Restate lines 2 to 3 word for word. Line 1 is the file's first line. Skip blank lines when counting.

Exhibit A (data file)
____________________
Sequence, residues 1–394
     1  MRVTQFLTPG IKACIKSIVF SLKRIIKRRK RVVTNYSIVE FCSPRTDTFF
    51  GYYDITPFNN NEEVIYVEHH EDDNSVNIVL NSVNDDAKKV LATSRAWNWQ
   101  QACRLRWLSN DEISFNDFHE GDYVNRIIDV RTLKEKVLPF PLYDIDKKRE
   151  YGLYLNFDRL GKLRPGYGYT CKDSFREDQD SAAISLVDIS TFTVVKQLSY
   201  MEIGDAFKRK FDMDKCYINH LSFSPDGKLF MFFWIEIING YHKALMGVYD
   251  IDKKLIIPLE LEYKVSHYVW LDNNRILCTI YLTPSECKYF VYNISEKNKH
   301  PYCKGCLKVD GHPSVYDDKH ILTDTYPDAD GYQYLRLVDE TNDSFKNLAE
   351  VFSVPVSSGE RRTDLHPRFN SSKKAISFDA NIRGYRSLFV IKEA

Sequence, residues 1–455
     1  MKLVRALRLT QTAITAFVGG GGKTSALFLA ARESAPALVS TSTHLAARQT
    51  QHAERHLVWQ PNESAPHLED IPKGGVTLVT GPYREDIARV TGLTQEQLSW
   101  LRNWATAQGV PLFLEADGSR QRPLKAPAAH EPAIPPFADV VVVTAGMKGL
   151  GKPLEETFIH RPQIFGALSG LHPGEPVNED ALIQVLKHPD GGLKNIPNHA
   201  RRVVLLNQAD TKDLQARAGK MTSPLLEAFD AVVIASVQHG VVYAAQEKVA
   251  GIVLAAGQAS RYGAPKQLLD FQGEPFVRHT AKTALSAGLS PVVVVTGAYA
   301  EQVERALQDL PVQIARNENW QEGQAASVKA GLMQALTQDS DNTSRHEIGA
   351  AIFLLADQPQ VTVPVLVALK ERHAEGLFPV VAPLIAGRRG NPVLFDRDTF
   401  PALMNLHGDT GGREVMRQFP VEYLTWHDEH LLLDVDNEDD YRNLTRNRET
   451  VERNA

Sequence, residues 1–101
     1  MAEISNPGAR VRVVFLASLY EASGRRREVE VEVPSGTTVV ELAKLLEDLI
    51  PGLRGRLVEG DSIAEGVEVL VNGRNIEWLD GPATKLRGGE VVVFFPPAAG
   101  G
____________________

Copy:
     1  MRVTQFLTPG IKACIKSIVF SLKRIIKRRK RVVTNYSIVE FCSPRTDTFF
    51  GYYDITPFNN NEEVIYVEHH EDDNSVNIVL NSVNDDAKKV LATSRAWNWQ